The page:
Most second-round deadlines are in early January, so around now, a lot of people are asking me how to eke out the last 30 to 80 points they need to reach their goal.
Let’s talk about what to do to try to lift your score that last bit in the final 2 months of your study.
Is this article for me?
Let’s talk about GMAT Data Sufficiency.
Specifically, let’s talk about getting GMAT Data Sufficiency (DS) problems wrong. And I don’t mean those problems that you missed because of careless math errors, or because of concepts you hadn’t learned yet. No, I’m talking about the missed DS problems that make you want to bang your head against the wall: How on Earth did I not get that?
There are two reasons you might have this experience: Read more
Recently, we took a look at a story problem dealing with ratios, and I finished up by giving you a second problem to test your skills. How did you do?
If you haven’t already, try the GMATPrep® problem below and then we’ll talk about it. Give yourself about 2 minutes. Go! Read more
How are you with story problems? Most math concepts can be presented in story form on the test and the GMAT test writers do like to get wordy with us. You’ve got a double task: you have to translate the words into math and then you still have to do the math! How can we get through these as efficiently as possible?
Try the GMATPrep® problem below and then we’ll talk about it. Give yourself about 2 minutes. Go!
Last time, I introduced you to a set of principles that tie together everything we need to do on the GMAT.
If you haven’t already read that article, go ahead and do so now.
Here’s our framework again:
Today, we’re going to try this out on a Data Sufficiency problem.
Try this DS problem from the GMATPrep® free exams.
Last time, we talked about how crucial it is to develop the instinct to go for the “No” when taking the GMAT. If you haven’t read the first installment, do so right now, then come back here to learn more.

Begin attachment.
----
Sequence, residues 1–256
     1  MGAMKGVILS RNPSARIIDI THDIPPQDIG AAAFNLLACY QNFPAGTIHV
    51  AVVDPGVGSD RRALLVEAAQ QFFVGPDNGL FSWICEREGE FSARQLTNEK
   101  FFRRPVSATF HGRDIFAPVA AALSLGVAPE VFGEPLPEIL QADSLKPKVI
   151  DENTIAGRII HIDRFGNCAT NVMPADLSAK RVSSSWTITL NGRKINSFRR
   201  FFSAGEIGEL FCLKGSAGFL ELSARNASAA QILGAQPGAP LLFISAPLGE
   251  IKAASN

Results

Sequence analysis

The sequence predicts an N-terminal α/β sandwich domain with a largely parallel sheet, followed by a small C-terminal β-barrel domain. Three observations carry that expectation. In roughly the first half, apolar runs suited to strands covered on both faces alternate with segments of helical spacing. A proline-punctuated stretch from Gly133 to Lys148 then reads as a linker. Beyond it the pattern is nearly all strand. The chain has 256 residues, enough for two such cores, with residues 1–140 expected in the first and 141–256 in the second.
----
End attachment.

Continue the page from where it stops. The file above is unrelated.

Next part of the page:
I left you with this GMATPrep® problem from the free exams.
“*If 0 <r< 1 <s< 2, which of the following must be less than 1?
“III. s – r
“(A) I only
“(B) II only
“(C) III only
“(D) I and II
“(E) I and III”
Let’s talk about it now!
Recently, a colleague of mine shared this very interesting puzzle published by the New York Times. (Thanks, Ceilidh!)
Go ahead and try it. I’ll wait. After you’ve tried the puzzle, you can read the short article that goes with it.
What did you learn about how humans tend to think? More important, what did you learn about how you think?
That tendency to look for the no, or to try to disprove something, is a trait shared by scientists, devil’s advocates, and great standardized test takers. You can learn to make this your natural reaction, too!
Wouldn’t it be nice to have one common thread among all GMAT problems you’ll ever do, something you do no matter what kind of problem or content area is being tested?
I’m here to answer your prayers.
Okay, obviously, there are many things you’re going to need to learn and practice in order to get a great GMAT score—these isn’t literally just one thing to learn. But it turns out that there is one set of principles tying together everything we need to do on the GMAT.
Now that the new 2016 Official Guide books are out, I’d like to talk about how to use these problems to get the most out of your study. I also want to talk about what not to do, as a lot of people end up essentially wasting these great study problems (not to mention valuable time!).
What should I NOT do?
Your goal is to learn from the Official Guide (OG) problems in such a way that, if you see something similar on the real test, you’ll recognize what to do on that new problem.
Keep some things in mind:
- Your goal is NOT to memorize how to do the problems that you’re studying. You won’t see these exact problems on the test! Can you tell me exactly how to do a particular problem? That’s great. But I care far more whether you can tell me how you know what to do and why you want to take the steps that you take. If you can, then you’ll know how to think your way through a new problem on the real test.
- Your goal is NOT to try to get everything (or even most problems) right. Sometimes, what you want to recognize fairly quickly is that you should guess immediately and move on. Other times, you want to recognize that your best strategy is to spend some time making an educated guess—and then move on. Still other times, you’ll have to be able to recognize that you initially thought you could do this one but it’s just not happening, so you’ll need to cut yourself off, guess, and move on.